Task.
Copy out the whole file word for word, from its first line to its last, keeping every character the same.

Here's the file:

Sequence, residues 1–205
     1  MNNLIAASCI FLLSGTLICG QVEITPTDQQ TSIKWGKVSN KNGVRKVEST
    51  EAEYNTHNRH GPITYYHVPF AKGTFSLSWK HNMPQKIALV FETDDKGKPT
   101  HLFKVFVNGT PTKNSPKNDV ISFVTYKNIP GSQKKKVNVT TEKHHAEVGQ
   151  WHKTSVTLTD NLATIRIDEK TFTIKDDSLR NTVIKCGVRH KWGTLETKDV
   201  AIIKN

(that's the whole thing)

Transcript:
Sequence, residues 1–205
     1  MNNLIAASCI FLLSGTLICG QVEITPTDQQ TSIKWGKVSN KNGVRKVEST
    51  EAEYNTHNRH GPITYYHVPF AKGTFSLSWK HNMPQKIALV FETDDKGKPT
   101  HLFKVFVNGT PTKNSPKNDV ISFVTYKNIP GSQKKKVNVT TEKHHAEVGQ
   151  WHKTSVTLTD NLATIRIDEK TFTIKDDSLR NTVIKCGVRH KWGTLETKDV
   201  AIIKN